Mom Takes Down Critics Who Think C-Sections Are 'Easy Way Out'

Don't mess with this mom.
ByChristine Cordova
Associate Social Editor
Aug 2016
Hero Image
Photo: Shutterstock

One in three babies are born via cesarean section, whether it’s planned or an emergency procedure. And c-section moms pull double duty after birth, adjusting to life as a new parent and healing from major surgery. So if you’re one of the few who thinks delivering via c-section is an ‘easy way out,’ one mom has a message.

“‘Oh. A c-section? So you didn’t actually give birth. It must have been nice to take the easy way out like that,’” Raye Lee begins her Facebook post, quoting one of her critics. “Ah, yes. My emergency c-section was absolutely a matter of convenience. It was really convenient to be in labor for 38 hours before my baby went into distress and then every contraction was literally stopping his heart.”

There are a variety of reasons that a baby would need to be delivered via c-section, including labor compications or baby’s position in utero: breech (feet down) or transverse (sideways). For many moms, it’s a last resort, leaving them feeling like they missed out on the labor and delivery process.

Lee describes the experience in (honest) detail:

“Having a shrieking infant pulled out of an incision that is only 5 inches long, but is cut, shredded and pulled until it rips through all of your layers of fat, muscle, and organs (which they lay on the table next to your body, in order to continue to cut until they reach your child) is a completely different experience than I had imagined my son’s birth to be.”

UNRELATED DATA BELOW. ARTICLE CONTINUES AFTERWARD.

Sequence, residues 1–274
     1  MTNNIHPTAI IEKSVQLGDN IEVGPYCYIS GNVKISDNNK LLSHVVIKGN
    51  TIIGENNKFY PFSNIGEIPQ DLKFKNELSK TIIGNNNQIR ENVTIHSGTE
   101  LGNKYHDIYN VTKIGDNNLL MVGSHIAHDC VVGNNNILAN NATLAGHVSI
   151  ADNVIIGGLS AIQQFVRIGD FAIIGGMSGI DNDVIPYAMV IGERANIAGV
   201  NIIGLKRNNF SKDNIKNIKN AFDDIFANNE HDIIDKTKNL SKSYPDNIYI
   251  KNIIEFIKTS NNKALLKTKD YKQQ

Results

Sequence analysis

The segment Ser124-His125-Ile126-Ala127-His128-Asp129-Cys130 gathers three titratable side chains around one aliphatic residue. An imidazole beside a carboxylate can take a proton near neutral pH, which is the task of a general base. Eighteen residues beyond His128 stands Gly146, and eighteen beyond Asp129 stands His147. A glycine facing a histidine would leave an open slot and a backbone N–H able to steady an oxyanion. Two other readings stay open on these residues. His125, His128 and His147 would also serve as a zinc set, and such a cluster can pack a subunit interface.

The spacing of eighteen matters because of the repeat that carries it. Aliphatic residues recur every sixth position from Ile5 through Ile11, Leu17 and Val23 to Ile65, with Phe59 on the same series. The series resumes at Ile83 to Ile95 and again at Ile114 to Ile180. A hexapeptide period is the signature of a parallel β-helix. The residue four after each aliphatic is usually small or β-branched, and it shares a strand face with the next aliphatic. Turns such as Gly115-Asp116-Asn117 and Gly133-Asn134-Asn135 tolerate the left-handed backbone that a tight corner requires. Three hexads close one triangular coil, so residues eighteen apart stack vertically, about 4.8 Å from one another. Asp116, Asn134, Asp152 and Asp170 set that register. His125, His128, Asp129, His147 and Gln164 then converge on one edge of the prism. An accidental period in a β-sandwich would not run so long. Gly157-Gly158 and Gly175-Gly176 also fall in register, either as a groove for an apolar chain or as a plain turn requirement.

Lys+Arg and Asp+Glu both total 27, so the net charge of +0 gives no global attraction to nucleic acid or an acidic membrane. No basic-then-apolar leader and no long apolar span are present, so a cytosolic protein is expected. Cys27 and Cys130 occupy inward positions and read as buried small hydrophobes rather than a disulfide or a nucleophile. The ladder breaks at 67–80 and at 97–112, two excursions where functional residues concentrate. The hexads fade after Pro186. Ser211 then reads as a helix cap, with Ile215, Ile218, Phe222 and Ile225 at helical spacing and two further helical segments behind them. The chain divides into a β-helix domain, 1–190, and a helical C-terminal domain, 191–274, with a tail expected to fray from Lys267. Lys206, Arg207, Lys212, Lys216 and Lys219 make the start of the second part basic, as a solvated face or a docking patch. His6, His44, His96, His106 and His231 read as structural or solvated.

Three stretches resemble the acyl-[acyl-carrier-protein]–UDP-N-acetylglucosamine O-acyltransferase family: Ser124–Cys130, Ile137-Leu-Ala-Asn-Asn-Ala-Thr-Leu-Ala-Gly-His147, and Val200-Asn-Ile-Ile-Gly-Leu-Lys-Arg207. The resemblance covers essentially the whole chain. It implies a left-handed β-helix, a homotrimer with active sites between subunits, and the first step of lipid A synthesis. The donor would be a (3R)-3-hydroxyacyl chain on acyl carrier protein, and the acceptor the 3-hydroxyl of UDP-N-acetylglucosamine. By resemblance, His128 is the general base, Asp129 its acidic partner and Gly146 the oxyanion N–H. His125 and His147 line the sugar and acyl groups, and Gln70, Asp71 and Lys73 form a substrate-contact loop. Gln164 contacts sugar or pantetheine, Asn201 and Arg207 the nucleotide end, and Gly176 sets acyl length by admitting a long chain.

Fortunately, most women are able to recover from the procedure after six weeks, but there will always be a permanent reminder hovering just above their lady parts.

“I now belong to a badass tribe of mamas with the scar to prove that I had a baby cut out of me and lived to tell the tale,” Lee writes, describing the fairly graphic photo below.

There might be more to that scar than meets the eye. Research has found that fetal cells remain in the mother’s scar tissue after a c-section, producing collagen, helping to speed up the postbirth recovery process.

Lee ends her post with this message: “I am the strongest woman that I know. Not only for myself, but for my beautiful son. And I would honestly go through this every single day just to make sure I am able to see his smiling face.”

Still curious about what a c-section procedure entails? Here are 10+ things no one tells you about c-sections.

Can C-sections Run in the Family?

Jennifer L.W. Fink
Registered Nurse

Emergency C-section?

The Bump Editors

How and When to Schedule a C-Section?

Excerpted from The Baby Bump, Twins and Triplets Edition

Kim Jarrelle, Debbie Burbic, Jessamine Niccoli

Anisa Arsenault
Associate Editor

Shawn Johnson Reveals She “Felt Guilty” for Delivering via C-Section

Nehal Aggarwal
Associate Editor

New Tool Helps Women Predict Chances of Having a C-Section

Anisa Arsenault
Associate Editor